How could this happen? Goodell has been a vigilant enforcer of proper conduct since he assumed the role as Commissioner of the most powerful sports league in the country. The League’s breast cancer awareness program is a major initiative every year. In 2013, Scarborough research reported that 45% of the NFL’s fan base was female, and Nielsen reported that 33% of the League’s viewership was female. So how could he fumble this decision (pun very much intended) and why did it even take him so long to ultimately render an extremely soft punishment?
This speaks volumes on a multitude of issues, first and foremost being domestic violence. It consciously states that substance abuse is frowned upon more than domestic abuse. It screams that the League will gladly take the money generated by their female fans but it won’t stand up when it’s time to man up. How do you look into the eyes of your Grandmother, Wife or Daughter and tell them that being knocked unconscious is only worth 48 hours of punishment? How do you tell them that a dog’s life is worth more than their own? How do you admit that their rights are not on par with that of a failed drug test?
As a boy, especially one of color, you are taught to respect your mother and not let anyone disrespect her. You are taught that as a man, a REAL man, you never lay your hands on a woman, and you defend them with your life. But as an NFL player in 2014, it is embarrassingly obvious that ignoring those lessons will result in a “stay-cation”. So get that right hook ready; but by all means, stay away from StarCaps!
Goodell is not the only culprit in this mind-boggling whiff on the fight against domestic violence; others have to take responsibility as well. I don’t need to dwell on Ray Rice’s role in this situation- it is obvious. If this were a different time, like the 70s in New York City, Ray would have been enrolled in a “Sonny Corleone” type “get some act right session” in the street, complete with garbage can and open fire hydrant. But what about the Ravens? What is their stance on the issue? When do they take action? Besides a simple press release denouncing his actions and some basic tweets, when do they stand up?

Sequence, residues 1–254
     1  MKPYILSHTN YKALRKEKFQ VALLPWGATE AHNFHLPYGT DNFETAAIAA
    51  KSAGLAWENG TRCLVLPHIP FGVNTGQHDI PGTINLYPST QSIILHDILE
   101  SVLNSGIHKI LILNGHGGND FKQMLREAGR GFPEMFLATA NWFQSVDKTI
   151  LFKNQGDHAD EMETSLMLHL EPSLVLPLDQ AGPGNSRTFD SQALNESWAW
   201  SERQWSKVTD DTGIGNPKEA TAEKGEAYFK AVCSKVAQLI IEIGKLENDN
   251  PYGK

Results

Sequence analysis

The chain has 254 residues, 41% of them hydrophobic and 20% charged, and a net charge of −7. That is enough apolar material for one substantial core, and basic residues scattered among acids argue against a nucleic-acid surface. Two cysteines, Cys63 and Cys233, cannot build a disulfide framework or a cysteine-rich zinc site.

The NBA suspended Ron Artest for the season for fighting in the stands in Detroit in 2004 and he wasn’t even the instigator in that incident. In January of 2013, the Steelers cut running back Chris Rainey immediately after he was arrested and charged with domestic abuse after slapping his girlfriend. Their reputation for having a low-tolerance level for off-the-field distractions is well known, and their actions are usually swift. I know many will bring up the antics of Ben Roethlisberger and in no way am I sweeping his behavior under the rug (disclosure, I am a Steelers fan), but he was never actually charged by the prosecution and he was banned by Goodell for six games (later reduced to four). So if their rivals can cut a player for domestic violence, what will the Ravens do? Hopefully they will stand up and impose their own sentence on Rice and send a message to everyone that domestic abuse will not be tolerated. Period.